These words were recently spoken by Thomas L Hungerford of the US Congressional Research Service. He said: “The top [US] income tax rates have changed considerably since the end of World War II. Throughout the late-1940s and 1950s, the top marginal tax rate was typically above 90 per cent; today it is 35 per cent. Additionally, the top capital gains tax rate was 25 per cent in the 1950s and 1960s, 35 per cent in the 1970s; today it is 15 per cent. The average tax rate faced by the top 0.01 per cent of taxpayers was above 40 per cent until the mid-1980s; today it is below 25 per cent. Tax rates affecting taxpayers at the top of the income distribution are currently at their lowest levels since the end of the second World War.”
In other words, US taxes right now are pretty much near their post war low. And yet, what do certain US politicians say the cause of all their woe is? Why, taxes are too high of course.
So the big idea is to get the US economy moving and reduce government debt by cutting taxes.
The problem right now is that new technology doesn’t require that much labour. Take the new iPhone. Setting aside problems with its mapping software, this looks set to be the most successful product launch ever. Apple itself is a major contributor to the US economy, except it doesn’t employ that many staff.
According to a study by Analysis Group, Apple has created no less than 304,000 jobs across the US. That’s impressive indeed. Yet Wal Mart, which in terms of market cap is worth only slightly over a third of Apple, employs 2.1 million Americans. Here is the irony: the report produced by Analysis Group was meant to be promoting the importance of Apple to the US economy. See Apple’s own web site creating new jobs through innovation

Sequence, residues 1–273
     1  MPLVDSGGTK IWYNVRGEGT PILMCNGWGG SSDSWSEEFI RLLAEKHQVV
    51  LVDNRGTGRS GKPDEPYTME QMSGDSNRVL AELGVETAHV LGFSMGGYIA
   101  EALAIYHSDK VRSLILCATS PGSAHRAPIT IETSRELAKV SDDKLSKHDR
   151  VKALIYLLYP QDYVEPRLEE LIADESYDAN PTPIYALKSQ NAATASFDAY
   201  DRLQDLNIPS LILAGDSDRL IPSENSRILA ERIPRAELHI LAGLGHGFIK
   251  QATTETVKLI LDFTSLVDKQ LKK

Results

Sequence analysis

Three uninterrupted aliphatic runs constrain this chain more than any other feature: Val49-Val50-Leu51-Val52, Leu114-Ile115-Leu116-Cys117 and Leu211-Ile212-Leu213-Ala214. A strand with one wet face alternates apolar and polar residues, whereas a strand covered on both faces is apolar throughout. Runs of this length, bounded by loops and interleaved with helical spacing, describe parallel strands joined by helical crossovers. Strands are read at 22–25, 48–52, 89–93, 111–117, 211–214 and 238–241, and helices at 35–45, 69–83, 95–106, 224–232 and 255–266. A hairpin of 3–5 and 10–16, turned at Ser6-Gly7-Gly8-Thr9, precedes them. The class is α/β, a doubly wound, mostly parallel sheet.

The truth is that the Luddites have a point. Yes, new technology destroys then creates jobs, but it is much harder to see how really new technology can create more jobs than it destroys.
Some say 3D printing will hand the manufacturing advantage back to the West, as manufacturing is done increasingly by machines, which require highly educated workers to operate them. And let’s face it, 3D printing is automation in its most extreme form, and requires a good deal of skill to understand, and use.
But nanotechnology may have an even more extreme effect on job creation.
One of the effects of new technology is to reward those who understand it and can operate it very well indeed. For those who can’t, wages will be significantly lower.
It is possible that the result of new technology will be a widening in the gap between the very rich and the rest.
At the same time advances in prosthetics, and genetics research, is creating extraordinary opportunities in the world of medicine. But unless the wealth generated by new technology trickles down and benefits everyone, very few people will be able to afford this new medicine.
For the majority of people future jobs will be in services, for example in heathcare, leisure and education.
But while new technology is an extraordinary opportunity, it is also a threat.
And it may be that the only solution lies in a complete re-think in how taxes operate, and wealth is distributed.
PS, This report published after the above article was written, adds an interesting dimension:Resolution Foundation
Who Gains from Growth? Living standards in 2020
©2012 Investment and Business News.
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